So while at first this might not seem like a big win, the browser is much smarter than we are and is now able to use the right source at the right time. For example, it could load the medium sized image in your mobile breakpoint as the source because the screen has 2x resolution or if a 3x screen comes along it can automatically choose to load the large sized source. To achieve this with media queries you had to write dozens of them covering every possible case. That’s tedious and prone to errors.
The browser is/will also be capable of loading a lower resolution source when it detects that bandwidth is slow. How awesome is that?

The syntax

<article>
    <img srcset="large.jpg 1400w, medium.jpg 700w, small.jpg 400w"
         sizes="(min-width: 700px) 700px, 100vw"
         alt="A woman reading">
</article>
* {
    margin: 0;
    padding: 0;
}

article {
    margin: 0 auto;
    max-width: 700px;
}

img {
    max-width: 100%;
}

In the srcset attribute we define the image sources and tell the browser the width of each one. In the sizes attribute we then use media query expressions to define the width of the image at any given point. These breakpoints should mirror your page’s breakpoints. The length after each media query specifies the width of the image if the media query is true. The last value is the default value. Remember that these length values are all relative to the viewport. 100vw is the full with of the viewport as is 100%. So 80% is 80% of the viewport width not of the container div the image is in or something like that. Here you can find a list of possible lengths: http://www.w3.org/TR/css3-values/#lengths

The sample code above describes a simple one column blog that has a max-width of 700px. In this case that means the column is always 100% wide until it the viewport’s width is larger than 700px. The image is always as wide as the encircling article tag. This means the default sizes values is 100vw and as soon as the the viewport is 700px or wider, the image just stays at these 700px.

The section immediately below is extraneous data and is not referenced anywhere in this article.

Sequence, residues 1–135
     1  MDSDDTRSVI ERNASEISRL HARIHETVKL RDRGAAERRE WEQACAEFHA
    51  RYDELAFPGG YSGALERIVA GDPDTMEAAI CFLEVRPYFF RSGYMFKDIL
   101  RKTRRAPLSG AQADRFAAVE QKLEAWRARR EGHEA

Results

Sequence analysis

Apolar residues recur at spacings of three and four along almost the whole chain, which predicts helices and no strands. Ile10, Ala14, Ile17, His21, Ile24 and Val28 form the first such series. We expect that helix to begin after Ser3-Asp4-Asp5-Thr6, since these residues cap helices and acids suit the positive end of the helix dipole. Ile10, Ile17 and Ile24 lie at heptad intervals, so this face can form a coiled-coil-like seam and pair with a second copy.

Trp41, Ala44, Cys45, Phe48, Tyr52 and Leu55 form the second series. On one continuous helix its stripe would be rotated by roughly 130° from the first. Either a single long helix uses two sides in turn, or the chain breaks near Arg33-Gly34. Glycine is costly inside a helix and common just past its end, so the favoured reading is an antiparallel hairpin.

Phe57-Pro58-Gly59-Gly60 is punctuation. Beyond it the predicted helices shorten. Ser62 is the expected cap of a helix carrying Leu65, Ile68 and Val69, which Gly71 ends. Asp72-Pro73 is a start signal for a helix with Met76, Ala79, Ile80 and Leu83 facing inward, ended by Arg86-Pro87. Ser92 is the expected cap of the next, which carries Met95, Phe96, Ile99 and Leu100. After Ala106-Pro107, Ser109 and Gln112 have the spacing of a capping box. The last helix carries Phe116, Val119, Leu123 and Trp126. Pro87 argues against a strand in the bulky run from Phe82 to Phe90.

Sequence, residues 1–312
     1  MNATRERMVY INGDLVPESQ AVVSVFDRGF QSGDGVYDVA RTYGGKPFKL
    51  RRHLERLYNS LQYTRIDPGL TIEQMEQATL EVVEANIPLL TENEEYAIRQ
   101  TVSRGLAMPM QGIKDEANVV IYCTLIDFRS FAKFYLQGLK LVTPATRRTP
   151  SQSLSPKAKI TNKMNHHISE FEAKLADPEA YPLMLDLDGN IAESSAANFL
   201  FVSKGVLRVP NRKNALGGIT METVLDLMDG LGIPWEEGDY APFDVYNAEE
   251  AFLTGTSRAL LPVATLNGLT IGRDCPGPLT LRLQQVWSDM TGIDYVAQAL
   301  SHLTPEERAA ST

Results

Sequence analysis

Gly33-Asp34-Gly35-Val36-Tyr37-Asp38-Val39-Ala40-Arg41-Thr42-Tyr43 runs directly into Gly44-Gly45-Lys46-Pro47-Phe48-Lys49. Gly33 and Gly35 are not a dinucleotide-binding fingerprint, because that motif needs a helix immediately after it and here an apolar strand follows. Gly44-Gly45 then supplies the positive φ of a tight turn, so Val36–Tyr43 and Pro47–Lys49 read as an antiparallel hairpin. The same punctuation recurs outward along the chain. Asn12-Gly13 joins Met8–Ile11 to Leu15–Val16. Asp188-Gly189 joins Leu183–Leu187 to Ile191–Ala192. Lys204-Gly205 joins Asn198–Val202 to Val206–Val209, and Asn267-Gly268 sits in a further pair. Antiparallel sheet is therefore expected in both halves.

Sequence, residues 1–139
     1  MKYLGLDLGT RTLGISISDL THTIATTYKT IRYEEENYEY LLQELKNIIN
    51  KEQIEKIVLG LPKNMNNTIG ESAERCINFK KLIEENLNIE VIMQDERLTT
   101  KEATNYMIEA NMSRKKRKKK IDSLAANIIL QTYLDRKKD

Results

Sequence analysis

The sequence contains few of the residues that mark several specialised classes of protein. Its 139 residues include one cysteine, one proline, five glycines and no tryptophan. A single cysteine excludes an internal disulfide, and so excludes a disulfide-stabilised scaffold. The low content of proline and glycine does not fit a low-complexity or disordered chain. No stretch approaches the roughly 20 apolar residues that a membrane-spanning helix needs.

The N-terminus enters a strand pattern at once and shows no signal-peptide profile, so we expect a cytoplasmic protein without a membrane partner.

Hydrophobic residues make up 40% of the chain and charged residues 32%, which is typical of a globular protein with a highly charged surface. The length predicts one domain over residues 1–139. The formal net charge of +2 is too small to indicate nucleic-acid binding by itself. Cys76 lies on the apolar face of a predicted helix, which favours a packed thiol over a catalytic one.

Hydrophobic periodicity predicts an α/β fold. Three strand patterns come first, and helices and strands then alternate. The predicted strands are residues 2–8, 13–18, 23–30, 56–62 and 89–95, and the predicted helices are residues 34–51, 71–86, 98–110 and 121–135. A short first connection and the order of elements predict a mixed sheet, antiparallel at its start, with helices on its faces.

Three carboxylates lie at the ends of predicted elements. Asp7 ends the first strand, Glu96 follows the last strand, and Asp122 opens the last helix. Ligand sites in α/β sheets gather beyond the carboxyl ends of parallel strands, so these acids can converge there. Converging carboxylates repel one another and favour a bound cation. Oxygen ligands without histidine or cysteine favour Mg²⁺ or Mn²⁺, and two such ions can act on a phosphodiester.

Here you can see it in action: srcset and sizes demonstration on CodePen.

It looks as we could just use 100% as the size for the image if the media query evaluates to true, but that’s wrong. Remember, the length it relative to the viewport and not to the article element. So if the viewport is 1400px wide, the browser would load the larger image source even though we don’t need it to. We don’t want that.

I made a test case so you can have a look at the code and try it yourself. I hope this introduction to srcset and sizes helped you getting started. I still recommend that you grab a copy of picturefill, fire up your favourite editor and try it yourself. There is nothing better to learn and really understand new things than doint them yourself.

Here you can find the CodePen, fork it and discover how awesome srcset and sizes are: srcset and sizes Testcase code on CodePen
Or if you want to fork and download the code to try it locally, I also put it up on GitHub: srcset and sizes Testcase on GitHub

Still having trouble with srcset and sizes? Tweet me @_martinwolf, send me an email at martin@martinwolf.org or have a look at this long form article on picture and srcset/sizes by Eric Portis.